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SKEPTOID BLOG:

Magnetic Wine Aging

by Eric Hall

November 3, 2013

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Donate Energy, electric fields, and magnetic fields are difficult concepts for anyone to understand, even a student of physics. It takes practice to calculate these quantities, and to also understand how they are all related. Chemists also use some of these concepts, and similarly it takes practice and experience in order to understand and apply the concepts. Those selling woo take advantage of this, using a word salad of misunderstood terms to sell us stuff. Everything from grounding pads to homeopathy are all sold on this nonsense that science doesn't understand water and or chemistry (hint: we understand it pretty well). I am surprised it has taken so long - but now this nonsense has extended to our precious alcoholic beverages. I'll give you a hint here: a magnet cannot quickly age wine.

Yes, people are actually buying magnets to age their wine. In fact, it has even gone beyond wine and has been extended to whiskey and other types of alcohol which is normally stored for a period of time in wood barrels, imparting tannins over time which provides flavor and aging simultaneously. I will stick with wine in this post since that is the primary focus of these sham contraptions, but the science is similar for that of any other alcohol.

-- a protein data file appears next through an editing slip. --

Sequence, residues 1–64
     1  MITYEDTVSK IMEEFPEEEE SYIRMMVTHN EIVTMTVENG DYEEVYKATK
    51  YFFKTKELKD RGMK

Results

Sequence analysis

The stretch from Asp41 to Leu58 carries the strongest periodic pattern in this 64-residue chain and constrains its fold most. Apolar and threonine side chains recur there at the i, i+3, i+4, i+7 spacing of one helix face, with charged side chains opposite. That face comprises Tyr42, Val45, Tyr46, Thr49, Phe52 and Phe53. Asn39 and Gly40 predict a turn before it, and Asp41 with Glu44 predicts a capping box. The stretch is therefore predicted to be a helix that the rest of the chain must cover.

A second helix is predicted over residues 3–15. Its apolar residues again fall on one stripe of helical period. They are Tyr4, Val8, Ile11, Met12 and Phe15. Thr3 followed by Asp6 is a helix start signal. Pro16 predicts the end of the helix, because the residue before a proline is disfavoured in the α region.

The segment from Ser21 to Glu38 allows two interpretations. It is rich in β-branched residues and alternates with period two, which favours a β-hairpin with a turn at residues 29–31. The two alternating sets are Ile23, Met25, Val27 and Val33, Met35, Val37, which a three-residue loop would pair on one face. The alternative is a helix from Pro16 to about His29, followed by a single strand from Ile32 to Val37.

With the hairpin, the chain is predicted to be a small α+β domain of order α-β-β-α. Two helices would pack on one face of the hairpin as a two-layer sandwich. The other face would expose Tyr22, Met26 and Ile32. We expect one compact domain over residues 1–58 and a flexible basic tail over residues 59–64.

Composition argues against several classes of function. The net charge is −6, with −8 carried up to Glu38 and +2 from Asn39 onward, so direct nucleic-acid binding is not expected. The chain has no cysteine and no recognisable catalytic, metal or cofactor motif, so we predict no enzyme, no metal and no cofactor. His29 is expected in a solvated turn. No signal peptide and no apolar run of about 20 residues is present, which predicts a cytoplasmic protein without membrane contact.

The proposed pathway for this to work is via the tannins in the wine. Tannins are biological molecules that are found in the grape skins and leaves, as well as the barrels in which the wine is aged. Many of the tannins are mildly acidic and they serve both a flavor function, but more importantly a preservative function. They are complex molecules, with high molecular weights ranging in the hundreds to a few thousand. While they are not the primary flavor components, they do contribute to certain aromas and can also contribute to the "mouth feel" and the later flavors (the aftertaste) during the sipping of wine as they interact with the proteins on the tongue. Over time, these tannins react (though very slowly) forming new larger tannins which changes the flavor and feel of the wine. Supposedly, a magnetic field can dramatically speed up this process.

One of the devices that often comes up in searches is called the BevWizard, started by physician Dr. Pat Farrell. From a 2006 article, he states:
Farrell started out tying magnets to the neck of a bottle at the urging of business acquaintances who were distributing magnets to try to improve water quality. At the time, he thought the chance magnets would work on wine was "about the same as seeing pigs fly."

But, he says, "I took the thing home, put it on a bottle of shiraz from Australia and was shocked to see it made it taste smoother and fruitier. So then I went down to my cellar and I got a bottle of Bordeaux from the Medoc and it made it taste softer and fruitier."
The first red flag is his inspiration from the magnetic water crowd. Studies have been done on these magnetic water softeners, and no change in chemistry is measured when using one of these devices. He thought he would try it, without actually seeing if the premise on which it is based had any truth. His proof? His own anecdote.